Photo: Justin Chin/Bloomberg

The Federal Reserve Board of Governors has chastised one of the largest banks in the world, Industrial and Commercial Bank of China, for “significant deficiencies” in its risk management and anti-money laundering compliance at its Manhattan branch.

The Fed on Tuesday issued a cease and desist order against the parent bank in Beijing and its New York branch that details not so much what the bank must stop doing, but what it must start doing—or at least do better.

The consent order contains nearly 10 pages of specific compliance reforms agreed to by the bank. The reforms include appointing a “qualified compliance officer who is given full autonomy” to implement and maintain an effective anti-money laundering program and who “is supported by adequate staffing levels and resources.”

While the order doesn’t accuse the bank of specific misconduct, it does say that the most recent examination of the branch by the Federal Reserve Bank of New York “identified significant deficiencies” in the branch’s risk management and its adherence to laws and regulations relating to anti-money laundering compliance, including the Bank Secrecy Act.

Spokesman Tian Beng, reached at the New York branch, said the bank has no statement at this time.

Under the order, the bank has 60 days to submit six written plans and programs to the New York Fed.

The first plan would be for sustainable corporate governance and management oversight. It is to include improved compliance with anti-money laundering requirements as well as regulations of the U.S. Office of Foreign Assets Control.

The plan also is to include measures to ensure that “compliance issues are appropriately tracked, escalated, and reviewed by both the branch and the bank’s senior management, and reported directly to the bank’s board of directors.”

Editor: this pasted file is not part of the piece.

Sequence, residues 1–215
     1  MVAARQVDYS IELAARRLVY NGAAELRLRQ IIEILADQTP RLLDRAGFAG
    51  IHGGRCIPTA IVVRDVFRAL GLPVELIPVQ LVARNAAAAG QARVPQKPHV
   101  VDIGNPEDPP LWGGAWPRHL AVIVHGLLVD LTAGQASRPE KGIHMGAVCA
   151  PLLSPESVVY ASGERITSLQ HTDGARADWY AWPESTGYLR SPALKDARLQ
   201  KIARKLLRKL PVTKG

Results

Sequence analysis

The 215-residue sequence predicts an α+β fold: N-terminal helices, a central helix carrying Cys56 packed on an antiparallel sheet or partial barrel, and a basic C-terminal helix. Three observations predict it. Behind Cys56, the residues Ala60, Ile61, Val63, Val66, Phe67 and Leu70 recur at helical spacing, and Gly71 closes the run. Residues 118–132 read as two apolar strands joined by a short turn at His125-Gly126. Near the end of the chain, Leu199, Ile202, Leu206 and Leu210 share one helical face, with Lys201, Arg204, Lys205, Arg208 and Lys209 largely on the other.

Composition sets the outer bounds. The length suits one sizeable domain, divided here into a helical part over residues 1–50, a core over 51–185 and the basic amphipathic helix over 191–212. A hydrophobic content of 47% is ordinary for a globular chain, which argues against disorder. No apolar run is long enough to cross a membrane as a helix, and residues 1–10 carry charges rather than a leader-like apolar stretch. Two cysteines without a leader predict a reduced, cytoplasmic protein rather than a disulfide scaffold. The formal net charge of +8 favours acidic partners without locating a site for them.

In addition, the bank would specify “allocation of adequate staffing levels and resources to ensure the branch’s compliance with this agreement.”

The second plan is for a written, revised anti-money laundering compliance program. Among other elements, this program is to include a qualified and autonomous compliance officer, a comprehensive risk assessment, and identification of information systems used to achieve compliance, along with a timeline to review key systems to make sure they are configured to mitigate risks.

Other written plans involve a revised customer due diligence program; an enhanced program for monitoring, investigating and reporting suspicious banking activity; a program to enhance the branch bank’s compliance with OFAC regulations; and a revised internal audit program.

The order also gives the bank 30 days to hire an independent third party, acceptable to the New York Fed, to review the branch’s “U.S. dollar clearing transaction activity from July 1, 2016, through Dec. 31, 2016, to determine whether suspicious activity involving high-risk customers or transactions at, by, or through the branch was properly identified and reported.”

The consent order was signed by Shu Gu, president of the bank in China; Yuqiang Xiao, general manager of the New York branch; and Ann Misback, secretary for the Fed.